Dallas, TX -- (SBWIRE) -- 10/07/2013 -- Bahrain's water sector is gradually undergoing reform and is increasingly open to foreign direct investment. The process is tentative, with Crown Prince Salman, appointed as deputy prime minister in Q113, hopefully able to promote a conciliatory agenda and push for economic reform. The country's water infrastructure is in need of extensive expansion and modernisation, and this is likely to remain a priority for the Bahrain authorities, as illustrated by the news that the Ministry of Public Works is forcing contractors to work round the clock to repair sewage systems.
The March 2013 elevation of the reformist-inclined Crown Prince Salman Bin Hamad al-Khalifa, to deputy prime minister, may suggest a shift in favour of the pro-reform elements within the governing apparatus. The incumbent prime minister, Salman's uncle Khalifa bin Salman, on the other hand, is seen as a bulwark of conservatism and has opposed reform historically. The move does not necessarily mean that Salman is becoming more powerful, but with his remit to promote economic and political reform, his elevation may yet represent a positive development for the political and economic framework in Bahrain.
Complete report on Bahrain water sector available @ http://www.marketreportsonline.com/279619.html.
Iraq's water sector(http://www.marketreportsonline.com/279661.html.) continues to be in a poor state of repair and strained by an under-capacity in the network, despite having seen billions in investments made by the Iraqi government. That said, things are improving and there is a huge push on the part of the government to improve water access and quality across the country.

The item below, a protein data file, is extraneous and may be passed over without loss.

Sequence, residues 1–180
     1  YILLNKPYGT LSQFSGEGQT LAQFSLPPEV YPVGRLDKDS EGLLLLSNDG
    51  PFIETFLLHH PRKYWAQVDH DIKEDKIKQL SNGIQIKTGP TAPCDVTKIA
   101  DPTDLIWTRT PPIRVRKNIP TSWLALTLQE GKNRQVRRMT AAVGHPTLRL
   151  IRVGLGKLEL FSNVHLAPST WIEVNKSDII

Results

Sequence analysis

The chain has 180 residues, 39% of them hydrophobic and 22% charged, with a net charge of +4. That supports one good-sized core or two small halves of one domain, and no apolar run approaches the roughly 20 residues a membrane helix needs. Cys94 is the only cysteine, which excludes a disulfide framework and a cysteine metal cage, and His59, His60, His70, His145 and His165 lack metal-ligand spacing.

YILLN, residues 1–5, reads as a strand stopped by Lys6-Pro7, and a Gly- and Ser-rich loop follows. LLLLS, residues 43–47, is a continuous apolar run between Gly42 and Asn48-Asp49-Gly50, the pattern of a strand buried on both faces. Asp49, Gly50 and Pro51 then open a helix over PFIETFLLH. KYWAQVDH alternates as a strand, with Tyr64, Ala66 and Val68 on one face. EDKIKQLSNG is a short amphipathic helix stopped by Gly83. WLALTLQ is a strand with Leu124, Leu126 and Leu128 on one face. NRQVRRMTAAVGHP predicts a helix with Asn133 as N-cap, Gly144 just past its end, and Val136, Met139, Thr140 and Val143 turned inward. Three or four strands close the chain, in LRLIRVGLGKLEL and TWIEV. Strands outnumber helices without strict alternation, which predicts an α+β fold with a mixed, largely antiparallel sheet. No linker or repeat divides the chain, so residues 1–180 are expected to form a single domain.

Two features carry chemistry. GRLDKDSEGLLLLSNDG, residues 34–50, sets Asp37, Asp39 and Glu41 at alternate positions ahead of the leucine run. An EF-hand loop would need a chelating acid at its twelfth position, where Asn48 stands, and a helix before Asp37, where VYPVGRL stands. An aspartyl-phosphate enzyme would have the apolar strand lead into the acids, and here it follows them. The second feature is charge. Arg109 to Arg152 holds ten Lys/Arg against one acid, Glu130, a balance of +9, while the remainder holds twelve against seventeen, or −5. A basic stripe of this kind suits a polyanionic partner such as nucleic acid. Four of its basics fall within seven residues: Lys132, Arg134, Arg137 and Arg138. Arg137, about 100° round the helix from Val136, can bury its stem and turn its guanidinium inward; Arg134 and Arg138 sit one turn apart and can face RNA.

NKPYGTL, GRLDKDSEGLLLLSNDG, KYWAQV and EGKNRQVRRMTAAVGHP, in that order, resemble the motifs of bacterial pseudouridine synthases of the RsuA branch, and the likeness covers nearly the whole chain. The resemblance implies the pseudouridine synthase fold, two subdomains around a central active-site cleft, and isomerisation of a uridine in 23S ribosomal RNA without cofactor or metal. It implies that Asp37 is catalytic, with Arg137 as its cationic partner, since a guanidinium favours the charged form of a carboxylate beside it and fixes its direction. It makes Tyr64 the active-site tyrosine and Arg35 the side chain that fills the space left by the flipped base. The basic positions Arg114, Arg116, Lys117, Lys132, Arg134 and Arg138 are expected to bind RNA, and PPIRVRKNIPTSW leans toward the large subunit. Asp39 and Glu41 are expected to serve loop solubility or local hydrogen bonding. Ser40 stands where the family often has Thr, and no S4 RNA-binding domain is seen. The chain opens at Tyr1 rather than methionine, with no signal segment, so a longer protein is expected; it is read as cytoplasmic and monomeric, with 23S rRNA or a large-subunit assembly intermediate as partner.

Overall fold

That said, years of reconstruction efforts have seen few tangible improvements for the majority of Iraqi citizens, with corruption, poor coordination and bad planning severely inhibiting project development. Whilst the large projects have been subject to delays in light of officials wrangling over budgetary allocations, where there has been progress is with connecting people to the network, particularly in rural areas. This has been factored into our forecasts and will see consumption and extraction continue to increase between 2013 and 2017. Water quality is perhaps the most pertinent issue affecting Iraq's water sector, with high salinity and poor enforcement of environmental regulations seriously polluting available surface water.
Whilst the country theoretically does not suffer from a shortage of water, Iraq will always be at risk from its upstream neighbours, (particularly Turkey), where the sources for the Tigris and Euphrates rivers are located and from over-extraction.
Explore more reports on Water and Related Market @ http://www.marketreportsonline.com/cat/water-market-research.html.
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